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Pitcher plant bogs of the southeastern United States Coastal Plain support some of the largest carnivorous plant assemblages in the world; comprised by 29 or more species in five genera that were once common throughout the region. However, it now occupies less than 3% of its former range due to fire suppression, urbanization, forestry and agriculture. Numerous bog species are currently listed as federally endangered and/or are state-protected. Previous research and conservation efforts have focused on the plants of this ecosystem, but little is currently known about their arthropod associates. For example, the pitcher plants of the genus Sarracenia harbor a community comprised of 17 or more species of endemic moths, flies and mites. Unfortunately, the population structure of these symbionts, their level of isolation and the impact of events like fire management remain unknown. While migration and recolonization likely exist under current conditions for some of these associates, others may have limited dispersal abilities. Thus, understanding the population structures of both plants and obligate arthropod associates has implications for future conservation strategies.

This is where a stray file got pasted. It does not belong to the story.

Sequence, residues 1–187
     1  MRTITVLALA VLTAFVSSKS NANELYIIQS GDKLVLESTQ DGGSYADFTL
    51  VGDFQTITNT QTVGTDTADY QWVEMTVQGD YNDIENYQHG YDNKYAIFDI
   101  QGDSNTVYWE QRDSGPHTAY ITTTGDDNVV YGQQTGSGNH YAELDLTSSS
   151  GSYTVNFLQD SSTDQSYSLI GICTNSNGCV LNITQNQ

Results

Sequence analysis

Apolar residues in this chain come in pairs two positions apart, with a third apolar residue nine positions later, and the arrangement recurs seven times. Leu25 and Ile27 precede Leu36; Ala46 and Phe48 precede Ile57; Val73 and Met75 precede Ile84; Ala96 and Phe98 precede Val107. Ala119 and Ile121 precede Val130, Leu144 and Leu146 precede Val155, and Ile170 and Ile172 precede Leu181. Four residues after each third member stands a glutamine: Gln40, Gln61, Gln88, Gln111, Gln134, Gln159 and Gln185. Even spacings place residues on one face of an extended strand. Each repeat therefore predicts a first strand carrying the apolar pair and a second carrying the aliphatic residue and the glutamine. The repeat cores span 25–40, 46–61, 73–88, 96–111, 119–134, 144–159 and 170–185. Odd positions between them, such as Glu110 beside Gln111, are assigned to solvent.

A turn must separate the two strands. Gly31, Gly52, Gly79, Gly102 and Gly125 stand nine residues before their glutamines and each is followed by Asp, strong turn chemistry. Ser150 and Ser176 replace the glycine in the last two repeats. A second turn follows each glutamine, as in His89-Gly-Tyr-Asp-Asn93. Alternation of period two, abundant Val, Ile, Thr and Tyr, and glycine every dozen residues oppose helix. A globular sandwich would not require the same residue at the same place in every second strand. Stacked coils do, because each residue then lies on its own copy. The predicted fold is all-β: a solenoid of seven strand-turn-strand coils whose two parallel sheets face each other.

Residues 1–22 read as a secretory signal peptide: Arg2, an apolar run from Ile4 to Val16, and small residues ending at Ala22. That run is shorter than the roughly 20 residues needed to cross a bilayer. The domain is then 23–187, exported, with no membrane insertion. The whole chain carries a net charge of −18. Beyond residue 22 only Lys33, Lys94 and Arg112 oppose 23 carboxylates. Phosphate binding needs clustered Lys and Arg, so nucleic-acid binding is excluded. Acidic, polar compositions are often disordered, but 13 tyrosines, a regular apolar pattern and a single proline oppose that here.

Examination of population structure of an obligate arthropod associate has been generously funded by a National Estuarine Research Reserve System (NERRS)/National Oceanic and Atmospheric Administration (NOAA) Graduate Research Fellowship as well as a Sigma Xi Grant-in-Aid to Jessica D. Stephens and will be conducted from eastern Texas through North Carolina. Focus will be on Exyra semicrocea (pictured above), a moth associated with Sarracenia spp., because 1) its natural history is well documented; 2) it is entirely dependent on Sarracenia for survival, and; 3) it has been observed traveling short distances between nearby plants, implying short flight duration and limited dispersal. We will be examining if habitat fragmentation creates dispersal barriers for E. semicrocea using a ~670-bp fragment of the mitochondrial (mtDNA) cytochrome c oxidase subunit (COI). Ultimately, the information from this project will provide new insight into this unique and endangered ecosystem and ensure more informed conservation decisions are made in the future throughout the southeastern Coastal Plain.

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